All first-graders and some kindergartners in Glen Ellyn Elementary District 41 will be learning how to speak Spanish starting next school year as part of a multiyear foreign language instruction rollout at district elementary schools.
Under a plan approved unanimously this week by the school board, first-grade students at the district's four elementary schools will receive Spanish instruction for 30 minutes every day, and kindergartners at Churchill Elementary School will participate in a 50-50 "dual language" program in which lessons will be taught half in English and half in Spanish.
District officials say the classes will help students with critical thinking, problem-solving, communication and collaboration skills needed in today's "global society."
"One of our major reasons for doing it is we want to get students ready for 21st century employment opportunities," said Katie McCluskey, director of bilingual/ESL services. "We want to make sure they have the global flexibility of language."
Teachers and administrators have been researching the possibility of foreign language instruction since August 2011 after the district received a state-funded $13,000 arts and foreign language planning grant.
The district plans to expand foreign language instruction by one grade level every year over the next five years. McCluskey said research shows that's the most effective way to implement a new language program because of the curriculum changes that will take place.
The phased-in foreign language program at all elementary schools is expected to cost $2.2 million over five years, mainly to hire two new Spanish teachers every year.
The dual language program will cost $42,500 annually. It is expected to eventually replace the district's bilingual program hosted at Churchill, which is for native Spanish speakers throughout the school district.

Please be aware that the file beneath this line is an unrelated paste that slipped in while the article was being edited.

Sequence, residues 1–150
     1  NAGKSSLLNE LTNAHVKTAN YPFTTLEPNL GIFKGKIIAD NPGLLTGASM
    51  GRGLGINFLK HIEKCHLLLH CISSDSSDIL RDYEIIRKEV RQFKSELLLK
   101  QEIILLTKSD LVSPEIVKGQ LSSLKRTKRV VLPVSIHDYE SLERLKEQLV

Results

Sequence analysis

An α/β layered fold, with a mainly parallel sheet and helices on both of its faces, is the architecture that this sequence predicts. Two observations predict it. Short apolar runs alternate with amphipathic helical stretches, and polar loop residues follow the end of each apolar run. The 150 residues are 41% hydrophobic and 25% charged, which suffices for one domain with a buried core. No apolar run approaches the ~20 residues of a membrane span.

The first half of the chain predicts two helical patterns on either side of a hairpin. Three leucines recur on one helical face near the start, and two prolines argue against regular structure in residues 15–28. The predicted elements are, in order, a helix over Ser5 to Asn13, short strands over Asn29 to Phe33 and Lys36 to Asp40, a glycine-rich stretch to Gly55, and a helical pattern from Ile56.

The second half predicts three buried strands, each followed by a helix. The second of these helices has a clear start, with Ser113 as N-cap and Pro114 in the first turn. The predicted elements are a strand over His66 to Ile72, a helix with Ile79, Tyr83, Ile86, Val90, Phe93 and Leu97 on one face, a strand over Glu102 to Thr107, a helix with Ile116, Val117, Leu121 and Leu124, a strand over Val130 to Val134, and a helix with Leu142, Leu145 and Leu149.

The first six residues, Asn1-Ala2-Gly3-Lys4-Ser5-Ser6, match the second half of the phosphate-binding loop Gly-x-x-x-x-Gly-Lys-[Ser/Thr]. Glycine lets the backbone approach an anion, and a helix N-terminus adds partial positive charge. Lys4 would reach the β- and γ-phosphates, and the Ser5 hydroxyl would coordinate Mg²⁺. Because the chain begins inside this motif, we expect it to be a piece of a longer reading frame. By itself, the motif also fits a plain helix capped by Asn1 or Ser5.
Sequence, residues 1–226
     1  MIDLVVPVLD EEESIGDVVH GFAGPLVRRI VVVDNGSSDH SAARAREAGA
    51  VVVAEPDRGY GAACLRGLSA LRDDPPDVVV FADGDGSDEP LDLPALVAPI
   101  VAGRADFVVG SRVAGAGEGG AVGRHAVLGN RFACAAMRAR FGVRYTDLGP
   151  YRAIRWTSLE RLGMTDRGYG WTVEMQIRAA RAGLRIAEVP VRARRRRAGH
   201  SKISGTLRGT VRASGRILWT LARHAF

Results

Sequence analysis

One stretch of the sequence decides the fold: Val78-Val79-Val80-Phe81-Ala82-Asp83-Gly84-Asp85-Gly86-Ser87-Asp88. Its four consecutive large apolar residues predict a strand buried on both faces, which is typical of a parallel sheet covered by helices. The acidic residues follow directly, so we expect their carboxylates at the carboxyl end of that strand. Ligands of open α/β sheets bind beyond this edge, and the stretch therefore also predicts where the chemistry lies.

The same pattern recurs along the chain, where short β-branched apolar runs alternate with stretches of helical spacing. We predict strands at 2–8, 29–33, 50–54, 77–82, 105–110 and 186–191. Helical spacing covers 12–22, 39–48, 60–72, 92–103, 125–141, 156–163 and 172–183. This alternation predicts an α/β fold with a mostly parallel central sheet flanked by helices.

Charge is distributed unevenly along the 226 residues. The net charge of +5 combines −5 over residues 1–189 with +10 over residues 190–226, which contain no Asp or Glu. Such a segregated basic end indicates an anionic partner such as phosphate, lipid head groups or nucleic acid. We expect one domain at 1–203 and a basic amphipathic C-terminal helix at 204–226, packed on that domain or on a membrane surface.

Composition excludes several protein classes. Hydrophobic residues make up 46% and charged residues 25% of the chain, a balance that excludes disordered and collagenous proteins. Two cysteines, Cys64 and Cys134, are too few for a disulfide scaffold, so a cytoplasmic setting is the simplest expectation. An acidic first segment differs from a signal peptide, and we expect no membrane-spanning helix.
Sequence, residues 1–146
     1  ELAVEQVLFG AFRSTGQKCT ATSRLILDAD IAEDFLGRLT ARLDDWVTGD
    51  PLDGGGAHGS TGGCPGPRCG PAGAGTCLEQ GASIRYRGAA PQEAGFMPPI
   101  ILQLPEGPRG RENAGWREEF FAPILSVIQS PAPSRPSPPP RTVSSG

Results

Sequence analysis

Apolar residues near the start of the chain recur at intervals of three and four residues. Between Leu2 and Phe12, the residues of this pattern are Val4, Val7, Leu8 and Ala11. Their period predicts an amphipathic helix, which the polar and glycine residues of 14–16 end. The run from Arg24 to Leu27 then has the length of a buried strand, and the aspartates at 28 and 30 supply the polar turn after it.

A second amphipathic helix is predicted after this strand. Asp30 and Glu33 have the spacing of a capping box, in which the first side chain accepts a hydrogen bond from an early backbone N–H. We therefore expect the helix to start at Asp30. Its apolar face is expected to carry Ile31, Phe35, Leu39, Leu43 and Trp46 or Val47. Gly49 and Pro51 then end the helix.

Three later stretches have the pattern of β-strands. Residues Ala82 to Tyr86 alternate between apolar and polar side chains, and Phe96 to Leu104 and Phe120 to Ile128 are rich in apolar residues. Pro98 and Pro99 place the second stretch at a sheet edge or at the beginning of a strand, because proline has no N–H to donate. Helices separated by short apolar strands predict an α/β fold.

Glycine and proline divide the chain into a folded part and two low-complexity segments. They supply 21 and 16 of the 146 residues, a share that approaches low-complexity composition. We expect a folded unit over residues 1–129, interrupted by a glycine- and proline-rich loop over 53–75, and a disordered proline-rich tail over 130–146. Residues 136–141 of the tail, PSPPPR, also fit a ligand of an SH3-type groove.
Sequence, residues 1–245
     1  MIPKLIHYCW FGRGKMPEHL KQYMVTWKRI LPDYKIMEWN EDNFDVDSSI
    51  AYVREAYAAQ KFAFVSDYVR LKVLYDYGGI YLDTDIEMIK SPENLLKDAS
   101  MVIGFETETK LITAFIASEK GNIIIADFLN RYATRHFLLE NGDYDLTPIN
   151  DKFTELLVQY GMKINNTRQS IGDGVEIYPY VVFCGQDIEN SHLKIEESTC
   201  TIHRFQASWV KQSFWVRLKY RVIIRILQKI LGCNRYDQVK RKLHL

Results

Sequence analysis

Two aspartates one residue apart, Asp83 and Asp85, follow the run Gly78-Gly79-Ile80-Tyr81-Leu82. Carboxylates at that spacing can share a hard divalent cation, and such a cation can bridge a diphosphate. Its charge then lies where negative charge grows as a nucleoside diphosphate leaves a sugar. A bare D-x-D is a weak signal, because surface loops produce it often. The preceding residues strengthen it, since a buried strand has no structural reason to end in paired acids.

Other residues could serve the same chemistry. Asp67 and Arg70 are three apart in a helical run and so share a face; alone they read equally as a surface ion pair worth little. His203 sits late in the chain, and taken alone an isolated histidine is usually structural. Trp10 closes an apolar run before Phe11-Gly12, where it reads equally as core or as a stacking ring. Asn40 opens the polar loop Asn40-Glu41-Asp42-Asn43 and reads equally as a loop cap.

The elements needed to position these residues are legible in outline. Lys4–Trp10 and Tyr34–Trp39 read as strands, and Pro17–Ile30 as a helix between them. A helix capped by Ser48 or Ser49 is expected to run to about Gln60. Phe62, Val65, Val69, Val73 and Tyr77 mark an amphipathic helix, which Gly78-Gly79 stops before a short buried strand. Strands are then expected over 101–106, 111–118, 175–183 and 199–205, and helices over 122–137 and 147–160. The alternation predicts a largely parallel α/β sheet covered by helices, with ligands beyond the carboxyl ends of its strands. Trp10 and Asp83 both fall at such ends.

The new program will combine students who are native English speakers and native Spanish speakers. Officials say it will help English speakers become highly proficient in a second language and close an achievement gap for non-English speakers.
Students in the new program will be from Churchill, but if additional spots remain, there will be a lottery districtwide, McCluskey said.
She said officials don't foresee the need for hiring additional staff for the dual-language program. As both foreign language programs are implemented on the K-5 level, officials will have to make changes to the curriculum at Hadley Junior High School, McCluskey said.
Currently, junior high students have the option of taking a foreign language -- either Spanish or French -- but it's not mandatory.
District 41 is a feeder district for Glenbard High School District 87, so McCluskey said administrators from both districts have been talking about the foreign language program since it first was discussed in 2011.
Officials also made site visits to school districts offering foreign language instruction, including West Chicago, Arlington Heights, Barrington, Schaumburg, Elk Grove Village and Oak Park.